Science hub upgrade helps institutions share resources

A science hub provides museums and research institutes in Cambridge with access to upgraded equipment and facilities, and encourages greater collaboration.

Cambridge has many institutions and museums that provide homes for historic artefacts, ranging from Titian artworks and illuminated manuscripts to early hominid tools.

The staff in these institutions all face the challenge of how to preserve the objects that they have, how to understand them and how to engage the public with them.

About the project

To address the challenge, a number of Cambridge’s museums and research institutes have increasingly been working together, pooling their capabilities via the Cambridge Heritage Science Hub (CHERISH). These include:

  • the Fitzwilliam Museum
  • McDonald Institute for Archaeological Research
  • the Museum of Archaeology and Anthropology
  • Cambridge University Library
  • Hamilton Kerr Institute.

An award from the Arts and Humanities Research Council’s Capability for Collections Fund has enabled the hub to upgrade its scientific equipment and laboratory facilities, giving all its partner institutions the ability to do much more.

The project formalised and enhanced sharing and collaboration, which was already happening organically among those with an interest in archaeological and heritage science.

Marcos Martinón-Torres, Professor of Archaeological Science at the Pitt Rivers Museum explains: “We started looking at how we can be more than the sum of our parts, with complementary equipment and a structured network of expertise spanning humanities and sciences.”

The new infrastructure is distributed; there is no centre to the CHERISH network. Some of the equipment is in a fixed location (such as a multi-spectral imaging system for large books, maps and manuscripts), but much of it is portable, for use on any of the hub’s sites.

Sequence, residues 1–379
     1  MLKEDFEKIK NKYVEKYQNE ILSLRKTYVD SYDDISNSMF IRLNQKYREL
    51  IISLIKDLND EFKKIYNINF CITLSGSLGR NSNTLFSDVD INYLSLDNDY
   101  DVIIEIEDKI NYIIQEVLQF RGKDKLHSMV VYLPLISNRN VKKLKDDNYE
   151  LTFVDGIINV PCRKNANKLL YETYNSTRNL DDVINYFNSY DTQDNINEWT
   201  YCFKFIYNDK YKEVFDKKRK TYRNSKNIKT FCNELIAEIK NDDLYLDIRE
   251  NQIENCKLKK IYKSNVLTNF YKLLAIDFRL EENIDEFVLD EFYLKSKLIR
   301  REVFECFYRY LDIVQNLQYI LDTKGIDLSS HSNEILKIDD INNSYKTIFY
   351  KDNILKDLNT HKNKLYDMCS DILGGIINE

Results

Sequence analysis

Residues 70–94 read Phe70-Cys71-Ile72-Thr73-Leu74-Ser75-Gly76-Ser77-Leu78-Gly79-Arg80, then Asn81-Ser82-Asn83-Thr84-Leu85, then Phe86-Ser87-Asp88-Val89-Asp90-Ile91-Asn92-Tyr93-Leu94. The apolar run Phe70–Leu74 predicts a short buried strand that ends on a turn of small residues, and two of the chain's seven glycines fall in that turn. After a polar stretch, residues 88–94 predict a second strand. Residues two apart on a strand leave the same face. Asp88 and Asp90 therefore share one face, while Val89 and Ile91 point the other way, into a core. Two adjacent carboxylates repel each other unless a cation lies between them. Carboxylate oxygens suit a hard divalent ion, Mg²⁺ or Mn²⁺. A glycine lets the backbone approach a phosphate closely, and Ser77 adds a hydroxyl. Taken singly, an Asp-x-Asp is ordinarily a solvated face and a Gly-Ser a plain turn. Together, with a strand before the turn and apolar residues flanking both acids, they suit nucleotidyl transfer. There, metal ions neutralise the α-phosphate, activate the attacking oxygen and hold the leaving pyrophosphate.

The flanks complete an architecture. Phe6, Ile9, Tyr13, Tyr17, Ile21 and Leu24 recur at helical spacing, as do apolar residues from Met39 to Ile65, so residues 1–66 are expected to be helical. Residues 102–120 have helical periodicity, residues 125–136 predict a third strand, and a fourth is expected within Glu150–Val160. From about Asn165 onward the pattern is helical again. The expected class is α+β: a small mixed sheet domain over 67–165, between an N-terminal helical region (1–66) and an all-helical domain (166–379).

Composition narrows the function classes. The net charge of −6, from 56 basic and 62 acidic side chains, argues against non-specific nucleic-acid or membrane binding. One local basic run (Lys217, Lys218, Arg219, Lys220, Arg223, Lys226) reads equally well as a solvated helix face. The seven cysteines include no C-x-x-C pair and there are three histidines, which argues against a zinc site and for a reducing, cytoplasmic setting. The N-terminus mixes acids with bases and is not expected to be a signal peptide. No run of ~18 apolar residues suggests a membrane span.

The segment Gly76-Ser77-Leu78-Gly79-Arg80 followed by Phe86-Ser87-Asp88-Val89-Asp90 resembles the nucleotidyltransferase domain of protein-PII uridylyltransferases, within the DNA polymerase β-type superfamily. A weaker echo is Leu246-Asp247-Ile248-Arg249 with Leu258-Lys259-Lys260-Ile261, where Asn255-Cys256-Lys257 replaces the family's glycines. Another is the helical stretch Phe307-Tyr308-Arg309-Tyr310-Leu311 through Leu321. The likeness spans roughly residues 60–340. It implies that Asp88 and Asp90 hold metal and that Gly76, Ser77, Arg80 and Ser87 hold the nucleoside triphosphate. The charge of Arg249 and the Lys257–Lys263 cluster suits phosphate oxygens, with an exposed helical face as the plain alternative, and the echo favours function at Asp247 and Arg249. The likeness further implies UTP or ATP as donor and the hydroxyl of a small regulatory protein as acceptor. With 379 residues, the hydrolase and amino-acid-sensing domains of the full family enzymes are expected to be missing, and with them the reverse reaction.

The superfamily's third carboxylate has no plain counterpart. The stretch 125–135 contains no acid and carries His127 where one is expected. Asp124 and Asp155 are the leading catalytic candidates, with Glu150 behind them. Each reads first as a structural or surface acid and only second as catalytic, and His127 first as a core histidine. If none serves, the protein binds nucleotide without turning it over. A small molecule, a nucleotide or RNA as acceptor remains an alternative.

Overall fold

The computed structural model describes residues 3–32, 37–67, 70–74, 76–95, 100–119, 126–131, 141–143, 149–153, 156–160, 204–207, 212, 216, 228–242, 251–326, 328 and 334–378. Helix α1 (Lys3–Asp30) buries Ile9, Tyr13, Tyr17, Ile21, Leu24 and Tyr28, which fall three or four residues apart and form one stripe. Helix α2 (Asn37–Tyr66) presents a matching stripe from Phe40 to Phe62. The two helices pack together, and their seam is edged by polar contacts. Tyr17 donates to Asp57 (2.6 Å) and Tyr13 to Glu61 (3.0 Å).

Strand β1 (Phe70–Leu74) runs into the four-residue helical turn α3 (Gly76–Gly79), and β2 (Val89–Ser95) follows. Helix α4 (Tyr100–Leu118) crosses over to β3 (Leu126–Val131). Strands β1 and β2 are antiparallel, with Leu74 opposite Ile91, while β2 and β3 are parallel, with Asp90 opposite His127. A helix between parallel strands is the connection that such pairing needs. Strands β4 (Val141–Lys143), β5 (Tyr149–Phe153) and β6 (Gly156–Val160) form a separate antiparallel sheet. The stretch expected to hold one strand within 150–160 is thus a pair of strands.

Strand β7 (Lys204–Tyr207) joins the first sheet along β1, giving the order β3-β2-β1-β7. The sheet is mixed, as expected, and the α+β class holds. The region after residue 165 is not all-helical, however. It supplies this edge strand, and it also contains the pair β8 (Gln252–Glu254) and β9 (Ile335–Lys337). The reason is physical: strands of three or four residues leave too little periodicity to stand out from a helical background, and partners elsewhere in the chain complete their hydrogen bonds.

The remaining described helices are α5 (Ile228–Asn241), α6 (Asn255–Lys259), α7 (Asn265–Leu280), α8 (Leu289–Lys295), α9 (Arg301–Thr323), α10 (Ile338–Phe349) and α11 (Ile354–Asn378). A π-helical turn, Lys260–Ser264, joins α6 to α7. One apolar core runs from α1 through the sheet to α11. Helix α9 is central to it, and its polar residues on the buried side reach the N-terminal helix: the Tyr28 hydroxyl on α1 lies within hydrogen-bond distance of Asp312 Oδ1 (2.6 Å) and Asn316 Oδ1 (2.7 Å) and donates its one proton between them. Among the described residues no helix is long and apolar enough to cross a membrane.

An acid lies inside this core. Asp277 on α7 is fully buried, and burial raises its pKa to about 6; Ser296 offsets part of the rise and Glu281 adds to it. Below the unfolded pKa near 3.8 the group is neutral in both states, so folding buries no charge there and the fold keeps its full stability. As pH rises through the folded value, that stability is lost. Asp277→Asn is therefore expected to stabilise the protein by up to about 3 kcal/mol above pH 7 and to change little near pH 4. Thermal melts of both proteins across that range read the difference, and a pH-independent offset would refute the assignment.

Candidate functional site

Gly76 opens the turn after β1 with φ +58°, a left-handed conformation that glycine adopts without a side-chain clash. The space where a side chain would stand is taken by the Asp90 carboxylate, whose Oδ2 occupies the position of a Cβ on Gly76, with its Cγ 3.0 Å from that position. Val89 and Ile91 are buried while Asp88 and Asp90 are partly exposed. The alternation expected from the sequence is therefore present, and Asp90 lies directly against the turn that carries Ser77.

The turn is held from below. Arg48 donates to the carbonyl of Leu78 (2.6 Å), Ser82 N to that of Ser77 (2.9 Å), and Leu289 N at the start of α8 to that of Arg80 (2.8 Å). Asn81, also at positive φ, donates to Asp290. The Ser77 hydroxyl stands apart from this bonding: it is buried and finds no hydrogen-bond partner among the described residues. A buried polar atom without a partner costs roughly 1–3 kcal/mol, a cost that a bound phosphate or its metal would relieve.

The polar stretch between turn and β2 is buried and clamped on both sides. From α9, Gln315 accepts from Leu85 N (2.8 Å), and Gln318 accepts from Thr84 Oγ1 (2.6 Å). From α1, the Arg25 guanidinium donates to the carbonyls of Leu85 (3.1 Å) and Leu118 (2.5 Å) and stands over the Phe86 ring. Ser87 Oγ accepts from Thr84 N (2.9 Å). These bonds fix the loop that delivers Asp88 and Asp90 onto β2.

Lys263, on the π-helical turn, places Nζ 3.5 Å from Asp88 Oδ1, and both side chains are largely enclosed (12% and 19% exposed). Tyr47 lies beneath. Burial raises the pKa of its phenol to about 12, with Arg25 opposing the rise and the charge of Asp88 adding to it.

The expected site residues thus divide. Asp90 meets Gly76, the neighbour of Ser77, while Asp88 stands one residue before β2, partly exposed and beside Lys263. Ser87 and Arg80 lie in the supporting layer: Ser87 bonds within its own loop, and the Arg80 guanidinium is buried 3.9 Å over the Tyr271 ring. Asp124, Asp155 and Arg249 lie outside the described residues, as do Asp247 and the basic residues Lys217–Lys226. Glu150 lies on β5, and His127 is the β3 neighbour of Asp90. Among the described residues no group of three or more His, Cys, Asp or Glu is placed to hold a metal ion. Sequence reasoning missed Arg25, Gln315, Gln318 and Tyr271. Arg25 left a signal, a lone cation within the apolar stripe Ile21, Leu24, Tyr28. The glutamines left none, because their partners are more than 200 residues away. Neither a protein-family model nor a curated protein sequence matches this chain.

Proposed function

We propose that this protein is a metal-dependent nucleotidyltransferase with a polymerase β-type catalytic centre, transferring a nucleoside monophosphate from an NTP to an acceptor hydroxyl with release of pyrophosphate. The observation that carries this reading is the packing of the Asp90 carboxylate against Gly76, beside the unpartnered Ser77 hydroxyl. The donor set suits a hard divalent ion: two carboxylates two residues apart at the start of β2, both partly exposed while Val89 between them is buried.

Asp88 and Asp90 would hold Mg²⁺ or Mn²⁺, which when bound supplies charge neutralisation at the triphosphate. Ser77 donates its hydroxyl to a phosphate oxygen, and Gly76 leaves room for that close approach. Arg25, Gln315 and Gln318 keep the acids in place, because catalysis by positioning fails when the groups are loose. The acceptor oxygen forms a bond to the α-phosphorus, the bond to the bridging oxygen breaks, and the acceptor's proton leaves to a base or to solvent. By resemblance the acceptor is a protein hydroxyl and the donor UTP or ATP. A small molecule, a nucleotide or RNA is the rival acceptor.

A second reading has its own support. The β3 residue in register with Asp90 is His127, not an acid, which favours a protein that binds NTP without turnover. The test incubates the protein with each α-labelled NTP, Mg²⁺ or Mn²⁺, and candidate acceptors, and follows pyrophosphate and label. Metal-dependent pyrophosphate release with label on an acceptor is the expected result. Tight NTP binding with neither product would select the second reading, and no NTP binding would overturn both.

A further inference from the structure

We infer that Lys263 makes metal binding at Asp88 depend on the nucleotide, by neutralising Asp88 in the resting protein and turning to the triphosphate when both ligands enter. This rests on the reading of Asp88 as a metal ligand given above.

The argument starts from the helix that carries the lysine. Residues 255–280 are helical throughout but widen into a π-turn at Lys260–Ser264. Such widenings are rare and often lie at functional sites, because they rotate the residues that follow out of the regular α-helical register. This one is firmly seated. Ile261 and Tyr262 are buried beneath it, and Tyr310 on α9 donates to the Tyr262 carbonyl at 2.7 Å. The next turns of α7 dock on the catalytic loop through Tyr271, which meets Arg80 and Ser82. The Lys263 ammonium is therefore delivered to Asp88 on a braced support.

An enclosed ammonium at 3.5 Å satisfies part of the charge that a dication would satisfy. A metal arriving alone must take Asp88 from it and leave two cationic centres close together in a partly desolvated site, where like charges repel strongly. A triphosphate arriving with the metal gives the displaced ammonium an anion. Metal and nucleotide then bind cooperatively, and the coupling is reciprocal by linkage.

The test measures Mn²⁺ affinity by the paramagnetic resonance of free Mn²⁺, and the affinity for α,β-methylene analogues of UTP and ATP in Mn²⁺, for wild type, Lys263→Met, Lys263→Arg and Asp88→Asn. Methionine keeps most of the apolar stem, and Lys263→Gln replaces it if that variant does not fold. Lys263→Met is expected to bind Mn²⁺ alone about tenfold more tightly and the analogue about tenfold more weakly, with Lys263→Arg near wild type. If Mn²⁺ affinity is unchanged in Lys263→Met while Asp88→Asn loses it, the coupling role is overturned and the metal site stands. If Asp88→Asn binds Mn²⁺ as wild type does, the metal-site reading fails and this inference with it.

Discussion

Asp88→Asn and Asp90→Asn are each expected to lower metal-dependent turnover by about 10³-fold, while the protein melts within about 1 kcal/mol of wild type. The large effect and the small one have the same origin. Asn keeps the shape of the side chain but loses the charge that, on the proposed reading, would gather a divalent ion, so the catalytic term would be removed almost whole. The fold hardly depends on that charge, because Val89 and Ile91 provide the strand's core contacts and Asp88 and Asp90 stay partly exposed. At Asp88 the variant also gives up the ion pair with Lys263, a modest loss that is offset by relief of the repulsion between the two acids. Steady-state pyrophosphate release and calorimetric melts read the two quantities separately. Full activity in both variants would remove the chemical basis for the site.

Impacts of the project

State-of-the-art instruments give opportunities to work on a much bigger scale, with more efficient workflows and more accurate analysis. For instance, the archaeological institutions have access to a large scanning electron microscope and micro CT scanner for producing 3D images of the internal structures of objects.

Scientists at the Fitzwilliam Museum often had to borrow equipment to analyse the objects in its collection. Since the hub started, they have access to a full set of non-invasive instruments, meaning there is no need to compromise on the types of analysis that can be done.

“Our new macro XRF scanner can scan whole paintings,” said Paola Ricciardi, Senior Research Scientist at the Fitzwilliam Museum. “It is one of only a few in the UK, and we make it available to commercial clients such as the National Trust.”

The new equipment has made it possible to explore social and cultural histories. It has been used, for example, in the Fitzwilliam Museum’s ‘Being an Islander’ exhibition, which looks at cultures in the Mediterranean, as well as the ‘Gold of the Great Steppe’ exhibition, investigating artefacts from Kazakhstan.

Students and early-career researchers are trained to use the equipment, and the hub’s partners can also undertake technical analysis for external collections.

The new infrastructure makes it easier to engage with members of the public through public festivals and open days, where they make use of the latest research. The Fitzwilliam Museum, for example, has run workshops for primary school teachers in its laboratories. The CHERISH project has enabled the arts and sciences to work together to shed new light on cultural heritage.

Find out more

Keep up to date with the work of the CHERISH project through the University of Cambridge website.

Top image:  An XRF scanner examines an illuminated manuscript. Credit: University of Cambridge.

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